It seems that only the surveillance video itself can dispel all the man-made mist over what happened on that afternoon. Even Xinhua News Agency joined the chorus of voices calling for its publication. Apparently, its own verbal re-creation of the video does nothing but further mystifies the issue. The Qing’an county authority itself might also be secretly craving for a closure: the national spotlight has proved to be too glaring for an otherwise backwater town. Thirsty journalists and netizens are following every lead they can find of scandals in that county, which is quickly increasing. So here it comes. At 11:00 sharp on May 14, CCTV News aired the EDITED version of the much expected surveillance video.

Viewers of the video would be shocked to find a drunken Xu Chunhe stumbling his way into the station. After sitting for a while, he started to harass other passengers and turned many of them away at the security check point, for no apparent reason. At this point, the policeman came to intervene. He grabbed and twisted Xu’s arms to allow other passengers to enter the station. But Xu resisted and hit him with a water bottle. Curiously, without cuffing Xu up, the policeman let go of Xu and rushed back to his office. Xu chased (!) him to the office and kicked violently at the door. When the policeman re-emerged into the camera, a nasty street-fight-style struggle ensued. His police baton did not scare Xu. It was in the middle of this fight that Xu did something horrible: he tried to throw his own daughter at the policeman. The video did not record sound from the scene, but at that split second, one can almost hear the banging of the kid’s head on the cement ground. That inaudible sound eliminated whatever sympathy most people still had for Xu.

The rest of the video is well known. Xu grabbed the baton from the policeman. Despite being pointed at by a gun, he did not stop his attack until hit by the bullet. He collapsed on the bench. And then the camera recorded a moment that crystallized probably the most unfathomable human expression: Xu’s mother, the old woman, picked up the baton slipping from the hand of his dying son, and hit him twice, as if disciplining a petulant child.

By then most people would consider the policeman’s use of gun not completely unjustifiable. But the fact that CCTV plays the role that should have belonged to a prosecutor or an independent fact finding commission makes some people feel icky. What’s even ickier is the video being edited before showing to the public. For those critics, key questions remain unanswered: what provoked Xu to block others from entering the station? How to make sense of another leaked video from a bystander’s mobile phone which shows the policeman brutally beating Xu up for 30 seconds with his baton, something that is not reflected in the CCTV version?

These questions probably will never get answered. Even they do, they will not alter the basic facts of the incident: Xu violently attacked a policeman on duty. But the ultimate difficulty of even reaching to this conclusion, collectively, shows just how tortured the process is for any official position to be recognized by the public in those controversial cases. Paradoxically, it seems that now more than ever, the authority eagerly wants to win over public opinion on such issues. Instead of resorting to a restraint and detached judicial body for the arbitration of controversial cases like this, the authority relies on mass media outlets such as CCTV and Weibo, to settle them. It acts as though it was dealing with a billion-member grand jury, and would do anything to sway its verdict on issues ranging from police brutality to celebrity using.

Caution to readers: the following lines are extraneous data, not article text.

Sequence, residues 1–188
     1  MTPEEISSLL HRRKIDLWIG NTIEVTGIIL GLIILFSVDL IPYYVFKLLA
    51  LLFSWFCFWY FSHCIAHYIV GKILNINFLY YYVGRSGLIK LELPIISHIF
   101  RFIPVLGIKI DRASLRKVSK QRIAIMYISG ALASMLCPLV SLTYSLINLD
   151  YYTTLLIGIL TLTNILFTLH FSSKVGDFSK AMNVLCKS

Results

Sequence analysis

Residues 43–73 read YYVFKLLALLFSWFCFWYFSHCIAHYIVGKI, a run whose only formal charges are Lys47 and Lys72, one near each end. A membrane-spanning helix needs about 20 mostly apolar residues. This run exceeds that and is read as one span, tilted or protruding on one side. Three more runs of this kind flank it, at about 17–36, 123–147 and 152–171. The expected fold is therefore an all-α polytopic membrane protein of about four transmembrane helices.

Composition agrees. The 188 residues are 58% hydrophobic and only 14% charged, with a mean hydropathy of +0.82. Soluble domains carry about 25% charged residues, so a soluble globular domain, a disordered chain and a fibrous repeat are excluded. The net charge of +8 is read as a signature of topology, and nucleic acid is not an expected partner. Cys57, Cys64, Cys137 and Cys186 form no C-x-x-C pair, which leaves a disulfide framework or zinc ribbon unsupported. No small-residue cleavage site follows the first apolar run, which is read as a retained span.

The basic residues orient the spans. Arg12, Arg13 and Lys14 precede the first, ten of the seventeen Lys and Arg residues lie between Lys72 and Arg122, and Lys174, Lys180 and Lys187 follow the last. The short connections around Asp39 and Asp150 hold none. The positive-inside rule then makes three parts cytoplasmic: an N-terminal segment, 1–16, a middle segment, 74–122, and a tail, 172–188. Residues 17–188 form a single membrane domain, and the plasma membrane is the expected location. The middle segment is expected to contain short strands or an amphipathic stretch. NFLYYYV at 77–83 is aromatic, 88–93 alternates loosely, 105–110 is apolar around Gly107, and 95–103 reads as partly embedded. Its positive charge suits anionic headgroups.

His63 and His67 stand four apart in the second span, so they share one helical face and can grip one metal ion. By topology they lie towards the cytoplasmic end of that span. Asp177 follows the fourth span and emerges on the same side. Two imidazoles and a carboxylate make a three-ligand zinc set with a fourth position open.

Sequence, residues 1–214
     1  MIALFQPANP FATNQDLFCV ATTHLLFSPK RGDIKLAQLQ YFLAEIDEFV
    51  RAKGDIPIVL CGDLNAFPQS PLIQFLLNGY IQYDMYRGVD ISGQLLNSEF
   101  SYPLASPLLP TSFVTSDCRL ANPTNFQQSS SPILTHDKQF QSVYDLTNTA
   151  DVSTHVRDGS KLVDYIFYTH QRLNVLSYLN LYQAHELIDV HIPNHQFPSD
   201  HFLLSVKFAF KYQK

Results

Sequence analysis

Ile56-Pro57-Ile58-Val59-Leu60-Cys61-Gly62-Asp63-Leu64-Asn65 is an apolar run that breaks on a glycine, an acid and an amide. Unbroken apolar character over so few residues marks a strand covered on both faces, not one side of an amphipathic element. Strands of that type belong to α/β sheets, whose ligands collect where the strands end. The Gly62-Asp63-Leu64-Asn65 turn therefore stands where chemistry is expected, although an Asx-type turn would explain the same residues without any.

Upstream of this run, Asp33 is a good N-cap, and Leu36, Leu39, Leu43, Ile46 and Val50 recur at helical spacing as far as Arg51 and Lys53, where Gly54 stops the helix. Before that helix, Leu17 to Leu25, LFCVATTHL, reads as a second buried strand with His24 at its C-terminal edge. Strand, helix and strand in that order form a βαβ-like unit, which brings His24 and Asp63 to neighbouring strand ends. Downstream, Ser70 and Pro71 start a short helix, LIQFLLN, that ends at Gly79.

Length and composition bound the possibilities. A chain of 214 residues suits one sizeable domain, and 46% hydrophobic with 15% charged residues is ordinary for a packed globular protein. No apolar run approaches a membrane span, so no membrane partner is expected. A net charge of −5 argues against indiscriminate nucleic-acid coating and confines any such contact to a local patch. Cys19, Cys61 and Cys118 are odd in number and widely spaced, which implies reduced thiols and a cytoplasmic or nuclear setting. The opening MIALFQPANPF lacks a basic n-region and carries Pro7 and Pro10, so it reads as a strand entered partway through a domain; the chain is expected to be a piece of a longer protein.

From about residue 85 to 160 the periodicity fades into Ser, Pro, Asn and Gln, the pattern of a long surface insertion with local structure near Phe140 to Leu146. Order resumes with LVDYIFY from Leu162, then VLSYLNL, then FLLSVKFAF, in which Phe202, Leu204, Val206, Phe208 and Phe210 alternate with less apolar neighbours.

Insomuch as this approach of judicial populism “respects” public opinion, it has the fatal downside of poisoning the well of public discourse. To influence a grand jury of that scale, you have to deploy advocacy “nuke bombs” such as centralized propaganda machine. What it leaves the country with is the irreversible erosion of the credibility of authoritative institutions and the force field that becomes ever harder for truth to penetrate.

“Truth, Justice and History” Joined By Public Opinion


In the black and white picture, we can see Nie Shubin, the 21-year-old young man, kneeling on the ground, which is mysteriously white. Dressed in a dark colored overcoat, he does not look at the camera but casts his gaze downward in an obedient, resigned way. Both his hands are tied to his back. In front of his chest displays a rectangular card board that hangs on his neck, with hand written characters that says “rapist and murderer” and his name crossed out in a somewhat forceful way. A man squats on the right hand of Nie, facing the kneeling young man. At the moment of picture taking, he turns his face back toward the camera, as if checking whether the camera man takes the picture right. There are three uniformed persons standing behind Nie. One of them, wearing extremely clean white gloves, seems to be adjusting the cardboard on Nie. Their faces are not captured by the camera.

The picture was supposedly taken on April 27, 1995. It would become the last picture of Nie’s brief life. A few minutes later an executor would shoot him dead. None of those in the picture would have expected that exactly twenty years later the picture would be made public and become a sting of the nation’s conscience.

Rape and murder. Those were what the police charged the young Nie when they arrested him back in September 1994. A few weeks before, a 38-year-old female factory worker was found dead in a corn field on the way from the factory to her home in Kongzhai village, Shijiazhuang, Hebei province. Her family members and colleagues first found her one-piece dress and underwear five days after she went missing on August 5. It took them another day to track down her body, at that point severely decayed, in the corn field on the other side of the dust road.